Her eyes remain riveted to #9 as he warms up on the ice in the final seconds before the match, zipping around in little circles while the galvanizing strains of “We Will Rock You” (aka the Ultimate!Hockey!Anthem!) continue to blare throughout the stadium, rising above the screams of fans and the whistles of officials. And the second he bows that tousled head and clutches the C-patch on his left breast, the rest of the arena follows suit. (Heck, I made a grab for that same spot, and in my overzealousness almost gouged out my bloody axillary lymph nodes, lol. Damn you KimuTaku! You will be the death of me! lol) The die-hards are no strangers to this little personal pre-game ritual, these precious few moments that allow him to dig deep and find his center, eyes closed, his mind zoning everything out — the fans, the day’s events, the outside world, the rival squad, even his own teammates. Then he skates to his spot at the dead center of the rink, hockey stick gripped obliquely but firmly in place, his lithe body taut beneath layers of padding and jersey, ready to spring to action in a heartbeat. His game face stares out from behind his protective visor, the determined flash of his eyes belying the cocky grin that he directs at the rival team captain at the face-off. The referee tosses the puck onto the ice with an ear-piercing whistle. The game is ON, and so is this whole emotional roller-coaster ride that Pride takes us through.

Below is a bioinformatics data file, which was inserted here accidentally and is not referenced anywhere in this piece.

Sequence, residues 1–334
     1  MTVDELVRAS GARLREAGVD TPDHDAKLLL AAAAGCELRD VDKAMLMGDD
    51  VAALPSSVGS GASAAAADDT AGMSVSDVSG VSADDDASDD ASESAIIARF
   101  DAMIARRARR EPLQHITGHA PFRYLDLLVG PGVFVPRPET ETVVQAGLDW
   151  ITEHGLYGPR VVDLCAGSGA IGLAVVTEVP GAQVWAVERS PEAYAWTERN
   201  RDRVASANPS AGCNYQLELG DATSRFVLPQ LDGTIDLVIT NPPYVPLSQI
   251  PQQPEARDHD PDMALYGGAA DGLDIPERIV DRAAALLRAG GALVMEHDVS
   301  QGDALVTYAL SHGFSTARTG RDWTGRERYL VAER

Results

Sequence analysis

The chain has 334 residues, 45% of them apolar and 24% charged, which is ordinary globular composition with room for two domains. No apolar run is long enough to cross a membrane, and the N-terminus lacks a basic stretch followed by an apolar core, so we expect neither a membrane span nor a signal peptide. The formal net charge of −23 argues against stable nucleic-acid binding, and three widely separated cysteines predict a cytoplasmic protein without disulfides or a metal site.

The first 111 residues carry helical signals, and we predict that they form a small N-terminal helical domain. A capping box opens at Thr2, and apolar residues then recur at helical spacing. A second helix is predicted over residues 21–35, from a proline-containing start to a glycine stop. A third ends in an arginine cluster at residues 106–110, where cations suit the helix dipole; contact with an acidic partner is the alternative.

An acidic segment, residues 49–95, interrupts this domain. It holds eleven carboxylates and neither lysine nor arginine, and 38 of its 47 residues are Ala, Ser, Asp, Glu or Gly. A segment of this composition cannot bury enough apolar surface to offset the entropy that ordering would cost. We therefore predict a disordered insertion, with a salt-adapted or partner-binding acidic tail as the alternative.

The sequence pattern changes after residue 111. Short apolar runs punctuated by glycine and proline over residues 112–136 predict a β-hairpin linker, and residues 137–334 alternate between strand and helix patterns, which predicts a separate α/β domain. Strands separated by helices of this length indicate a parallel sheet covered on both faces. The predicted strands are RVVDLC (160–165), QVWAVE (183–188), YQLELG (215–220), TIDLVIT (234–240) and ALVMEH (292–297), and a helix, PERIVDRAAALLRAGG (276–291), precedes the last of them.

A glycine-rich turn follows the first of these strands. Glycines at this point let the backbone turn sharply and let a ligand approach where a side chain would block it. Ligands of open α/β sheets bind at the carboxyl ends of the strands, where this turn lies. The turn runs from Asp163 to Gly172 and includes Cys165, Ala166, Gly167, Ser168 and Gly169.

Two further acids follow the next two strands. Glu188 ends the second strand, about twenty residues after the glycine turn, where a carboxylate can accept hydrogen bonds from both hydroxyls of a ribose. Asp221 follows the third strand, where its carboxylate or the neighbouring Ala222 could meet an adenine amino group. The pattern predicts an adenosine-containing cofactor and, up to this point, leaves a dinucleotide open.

(500) Days of Halu
Hoooz yo’ puck daddy? HOOOZ YO’ PUCK DADDY??? Lol. I’ll shamelessly admit that for me (and I suspect for many others as well, haha), Satonaka Halu is Pride’s biggest draw, being the center of his team and of much of the story. Pride is really Halu’s story, and the sub-plots involving the other Blue Scorpions, Aki, or even the Coach Hyodo-Widow Anzai arc, are all invariably linked to the wearer of jersey #9.
But first, let’s get something outta the way: this whole “Maybe/Must be” thing aka Halu’s Favorite Engrish Catchwords. Er… maybe — what? What, Halu, what? Maybe it’ll rain today? Maybe the sun will come out tomorrow? Maybe it’s time for a haircut? WHAT? Gaaahhh. Except for a few scattered scenes where “maybe” and “must be” were actually said IN CONTEXT, the excessive, non sequitur usage of these catchwords was both exasperating and hilarious. And apparently, the expressions were catchy enough to have wormed their way into the vocabularies of Aki, Halu’s teammates, and even that uber-cutie Wataru (but okay, the kid OWNED saying “maybe,” he OWNED it). In fact, the words were so darn catchy I found myself muttering them out of the blue (and then tittering like a loon) for like, a week. (Damn you Halu, damn you!)